Most materials embodying some form of human expression will be protected by copyright. These materials may include books, journals, essays, presentations, photographs, paintings, maps, diagrams, scripts, musical scores, films, sound recordings and computer programs.
The Copyright Act 1968 (Cth) provides copyright owners (usually creators or publishers) with the right to deal with material in a broad range of ways including reproducing it (in hardcopy or electronic form), modifying it, performing it in public or adapting it (e.g. adapting a novel into a screenplay or translating a book into another language). A person is not permitted to use (by copying, performing, reproducing etc.) another person’s material without the copyright owners’ consent or without a statutory exemption. If they do, then they will have infringed copyright and may be sued by the copyright owner.
The Copyright Act 1968 (Cth) contains a statutory exemption which allows ECU staff to copy and communicate limited amounts of copyright material solely for educational purposes without obtaining the consent of the rights holder. ECU staff cannot rely on this exemption if the work is being modified or the copy/communication is:
Staff must also not copy in excess of the following limits:
Academic journal or periodical publication
One article per edition, or more than one article if each article relates to the same research or course of study
Literary work of no more than 15 pages published in an ‘anthology’ (book of poems, collection of writings)
The whole work if it is less than 15 pages
Literary, dramatic or musical work (excluding computer source code) in hard copy form of 10 pages or more
One chapter, or 10% of the total pages (whichever is greater)
Literary, dramatic or musical work (excluding computer code, electronic musical notation or electronic compilations (including databases)) in electronic form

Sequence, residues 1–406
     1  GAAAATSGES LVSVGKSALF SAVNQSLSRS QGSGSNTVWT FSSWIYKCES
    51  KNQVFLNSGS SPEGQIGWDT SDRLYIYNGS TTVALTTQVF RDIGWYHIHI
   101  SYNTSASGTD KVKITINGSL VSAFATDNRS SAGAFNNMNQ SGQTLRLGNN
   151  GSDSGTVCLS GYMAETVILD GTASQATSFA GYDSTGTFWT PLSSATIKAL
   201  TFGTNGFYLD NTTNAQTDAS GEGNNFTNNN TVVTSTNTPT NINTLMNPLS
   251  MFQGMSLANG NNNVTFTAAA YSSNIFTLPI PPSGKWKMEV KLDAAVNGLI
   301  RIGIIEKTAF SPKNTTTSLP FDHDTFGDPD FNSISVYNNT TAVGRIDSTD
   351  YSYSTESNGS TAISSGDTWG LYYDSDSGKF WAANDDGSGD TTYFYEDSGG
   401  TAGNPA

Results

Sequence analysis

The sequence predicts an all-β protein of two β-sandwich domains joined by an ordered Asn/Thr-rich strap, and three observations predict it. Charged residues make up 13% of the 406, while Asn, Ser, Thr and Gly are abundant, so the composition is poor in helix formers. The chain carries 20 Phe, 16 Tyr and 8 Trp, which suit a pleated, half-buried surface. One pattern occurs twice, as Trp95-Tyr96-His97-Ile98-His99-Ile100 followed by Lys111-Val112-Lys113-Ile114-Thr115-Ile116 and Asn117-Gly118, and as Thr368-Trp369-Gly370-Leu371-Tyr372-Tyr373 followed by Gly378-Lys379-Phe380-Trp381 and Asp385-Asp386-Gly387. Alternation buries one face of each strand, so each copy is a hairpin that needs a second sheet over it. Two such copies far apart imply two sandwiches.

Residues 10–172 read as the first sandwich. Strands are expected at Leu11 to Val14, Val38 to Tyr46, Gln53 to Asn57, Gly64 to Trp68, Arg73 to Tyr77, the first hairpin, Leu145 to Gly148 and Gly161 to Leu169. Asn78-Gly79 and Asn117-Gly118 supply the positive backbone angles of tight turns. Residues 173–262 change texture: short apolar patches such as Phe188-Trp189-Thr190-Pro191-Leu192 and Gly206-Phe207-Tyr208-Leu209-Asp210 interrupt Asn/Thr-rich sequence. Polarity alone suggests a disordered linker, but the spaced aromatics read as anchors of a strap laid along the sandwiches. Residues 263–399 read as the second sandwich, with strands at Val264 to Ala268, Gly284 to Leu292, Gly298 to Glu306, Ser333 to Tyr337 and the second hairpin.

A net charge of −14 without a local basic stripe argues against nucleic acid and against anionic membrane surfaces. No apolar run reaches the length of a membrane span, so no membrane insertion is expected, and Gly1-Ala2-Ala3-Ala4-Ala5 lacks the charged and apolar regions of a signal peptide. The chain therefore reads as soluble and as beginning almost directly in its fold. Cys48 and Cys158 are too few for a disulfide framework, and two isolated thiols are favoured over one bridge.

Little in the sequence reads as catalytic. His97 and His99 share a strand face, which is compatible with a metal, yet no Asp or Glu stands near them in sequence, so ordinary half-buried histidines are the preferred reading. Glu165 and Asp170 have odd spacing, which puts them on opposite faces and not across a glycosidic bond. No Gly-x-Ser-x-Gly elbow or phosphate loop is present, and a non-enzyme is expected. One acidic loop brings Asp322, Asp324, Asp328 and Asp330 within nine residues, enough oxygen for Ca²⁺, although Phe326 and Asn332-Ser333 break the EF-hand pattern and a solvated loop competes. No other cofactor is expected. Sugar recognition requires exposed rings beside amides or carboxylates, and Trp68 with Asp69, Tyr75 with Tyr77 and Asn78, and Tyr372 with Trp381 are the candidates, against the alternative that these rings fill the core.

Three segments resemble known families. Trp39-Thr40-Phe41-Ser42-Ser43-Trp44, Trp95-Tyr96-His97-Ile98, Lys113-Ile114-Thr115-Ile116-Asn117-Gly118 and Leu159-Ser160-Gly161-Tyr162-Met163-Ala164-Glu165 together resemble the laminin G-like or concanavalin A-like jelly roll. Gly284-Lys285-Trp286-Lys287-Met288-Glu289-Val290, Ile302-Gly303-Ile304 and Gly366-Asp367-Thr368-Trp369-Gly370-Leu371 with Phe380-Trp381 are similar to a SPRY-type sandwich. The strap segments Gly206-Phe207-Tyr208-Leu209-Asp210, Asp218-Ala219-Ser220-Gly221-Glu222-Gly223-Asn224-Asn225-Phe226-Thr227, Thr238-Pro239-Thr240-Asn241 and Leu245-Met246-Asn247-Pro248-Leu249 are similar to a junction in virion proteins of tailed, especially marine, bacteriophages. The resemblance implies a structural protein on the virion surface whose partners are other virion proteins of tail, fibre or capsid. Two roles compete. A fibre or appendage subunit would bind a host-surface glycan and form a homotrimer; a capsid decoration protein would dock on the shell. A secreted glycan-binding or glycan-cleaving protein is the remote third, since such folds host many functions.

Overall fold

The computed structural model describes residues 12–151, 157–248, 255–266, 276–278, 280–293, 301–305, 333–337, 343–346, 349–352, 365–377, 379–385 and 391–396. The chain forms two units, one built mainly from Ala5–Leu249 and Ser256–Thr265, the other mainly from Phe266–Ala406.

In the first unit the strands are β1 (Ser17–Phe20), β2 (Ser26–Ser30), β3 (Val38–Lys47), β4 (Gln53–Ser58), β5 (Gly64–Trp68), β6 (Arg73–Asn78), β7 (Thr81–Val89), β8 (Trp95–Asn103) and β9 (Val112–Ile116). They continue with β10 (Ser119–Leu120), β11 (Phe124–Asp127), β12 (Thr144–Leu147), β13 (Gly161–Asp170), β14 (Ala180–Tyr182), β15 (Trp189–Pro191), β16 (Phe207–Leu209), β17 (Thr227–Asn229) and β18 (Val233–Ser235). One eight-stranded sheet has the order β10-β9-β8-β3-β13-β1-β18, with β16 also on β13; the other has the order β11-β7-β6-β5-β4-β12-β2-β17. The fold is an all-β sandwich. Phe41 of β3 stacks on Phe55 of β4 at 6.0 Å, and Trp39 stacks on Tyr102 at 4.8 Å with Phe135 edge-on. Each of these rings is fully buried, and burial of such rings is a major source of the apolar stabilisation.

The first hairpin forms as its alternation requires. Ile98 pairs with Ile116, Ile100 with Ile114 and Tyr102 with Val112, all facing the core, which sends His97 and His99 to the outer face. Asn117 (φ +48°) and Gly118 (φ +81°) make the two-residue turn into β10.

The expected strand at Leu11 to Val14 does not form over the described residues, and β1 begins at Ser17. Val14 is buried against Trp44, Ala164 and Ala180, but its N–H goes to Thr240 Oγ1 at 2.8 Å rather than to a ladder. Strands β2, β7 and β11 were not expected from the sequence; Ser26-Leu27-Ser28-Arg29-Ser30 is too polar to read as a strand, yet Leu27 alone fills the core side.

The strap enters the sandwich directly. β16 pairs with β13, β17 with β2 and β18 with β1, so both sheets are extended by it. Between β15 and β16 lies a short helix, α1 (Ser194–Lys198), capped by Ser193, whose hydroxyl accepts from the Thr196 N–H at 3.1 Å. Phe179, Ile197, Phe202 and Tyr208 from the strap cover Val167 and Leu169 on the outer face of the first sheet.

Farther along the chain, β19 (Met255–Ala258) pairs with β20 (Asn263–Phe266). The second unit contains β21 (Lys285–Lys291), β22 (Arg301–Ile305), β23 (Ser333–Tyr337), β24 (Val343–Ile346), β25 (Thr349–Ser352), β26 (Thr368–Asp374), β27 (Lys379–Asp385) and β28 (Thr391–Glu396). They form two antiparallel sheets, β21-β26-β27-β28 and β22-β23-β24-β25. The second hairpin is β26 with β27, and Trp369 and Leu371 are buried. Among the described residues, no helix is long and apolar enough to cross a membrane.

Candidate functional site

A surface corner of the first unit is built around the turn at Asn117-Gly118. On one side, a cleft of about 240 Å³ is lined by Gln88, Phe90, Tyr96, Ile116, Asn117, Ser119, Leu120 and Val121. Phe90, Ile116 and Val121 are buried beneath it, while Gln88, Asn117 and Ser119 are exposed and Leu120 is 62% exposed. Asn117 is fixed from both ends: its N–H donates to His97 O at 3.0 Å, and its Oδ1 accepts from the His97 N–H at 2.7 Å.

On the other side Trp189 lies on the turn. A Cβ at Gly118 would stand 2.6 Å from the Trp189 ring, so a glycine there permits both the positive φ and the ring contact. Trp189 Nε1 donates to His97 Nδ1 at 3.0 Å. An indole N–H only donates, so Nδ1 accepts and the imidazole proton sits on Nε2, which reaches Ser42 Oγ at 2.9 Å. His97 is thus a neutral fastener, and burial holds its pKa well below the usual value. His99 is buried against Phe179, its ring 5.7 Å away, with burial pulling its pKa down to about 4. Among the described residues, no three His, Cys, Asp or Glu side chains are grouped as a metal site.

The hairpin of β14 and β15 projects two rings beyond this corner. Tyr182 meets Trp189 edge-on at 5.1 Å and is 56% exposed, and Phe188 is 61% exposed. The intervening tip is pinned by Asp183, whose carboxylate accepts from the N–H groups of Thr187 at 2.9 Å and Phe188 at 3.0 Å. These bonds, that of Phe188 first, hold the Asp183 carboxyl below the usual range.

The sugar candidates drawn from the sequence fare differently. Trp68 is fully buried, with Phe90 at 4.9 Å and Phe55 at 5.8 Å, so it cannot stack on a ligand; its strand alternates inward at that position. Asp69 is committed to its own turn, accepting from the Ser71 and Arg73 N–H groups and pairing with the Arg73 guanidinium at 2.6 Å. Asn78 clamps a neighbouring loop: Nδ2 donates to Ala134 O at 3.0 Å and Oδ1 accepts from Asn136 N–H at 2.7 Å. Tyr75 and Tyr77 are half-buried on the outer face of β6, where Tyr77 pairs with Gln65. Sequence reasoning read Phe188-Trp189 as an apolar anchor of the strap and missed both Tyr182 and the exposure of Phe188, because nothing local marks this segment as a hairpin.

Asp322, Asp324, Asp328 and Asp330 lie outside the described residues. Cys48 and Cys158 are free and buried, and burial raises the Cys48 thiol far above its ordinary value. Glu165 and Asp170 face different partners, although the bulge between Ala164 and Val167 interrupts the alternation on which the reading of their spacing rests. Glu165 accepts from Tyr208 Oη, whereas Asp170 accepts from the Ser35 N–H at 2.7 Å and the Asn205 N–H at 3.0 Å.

One chapter, or 10% of the total words (whichever is greater)
As a matter of general academic integrity and compliance with the Copyright Act 1968 (Cth) you must always acknowledge the creators of the work which you use. However, there is a common misconception that so long as the creator and/or copyright owner are property attributed, you can deal with that work as you wish. This is incorrect.
Having properly attributed such work, staff should be aware that they will infringe the rights of certain creators of copyright material if they distort the work, or otherwise deal with the work, in a manner which is prejudicial to the creator's honour or reputation.
All third party text based copyright material to be communicated online must be placed in the E-reserve system. It should not be directly uploaded to Blackboard. We recommend that you speak to an ECU Librarian to manage this process for you.
Many articles or publications may be available from ECU’s library databases. It is better to provide students with links to articles via ECU’s library databases rather than printing or downloading them for yourself.
Always stick to the usage guidelines above. If you do circulate printed materials for your class, you should attach the following notice:
This material has been reproduced and communicated to you by or on behalf of Edith Cowan University in accordance with its rights and obligations under the Copyright Act 1968 (Act), including section 113P.
The material in this communication may be subject to copyright under the Act. Any further reproduction or communication of this material by you may be the subject of copyright protection under the Act.
Do not remove this notice.
In the first instance, staff should consider the broad range of material available to them from ECU’s library databases, rather than making copies of materials using their own devices. The services which provide access to material under the broadcast licence are:
Staff and students can perform, or can play sound recordings or cinematograph films, in a classroom at ECU, provided that the performance is not open to the public, and is not being recorded for purposes outside of the classroom. A recording or film should not be shown or used if there is any reason to suspect that it is already infringing copyright.
Sheet music, texts and images, can be reproduced as part of a question or answer in an examination.
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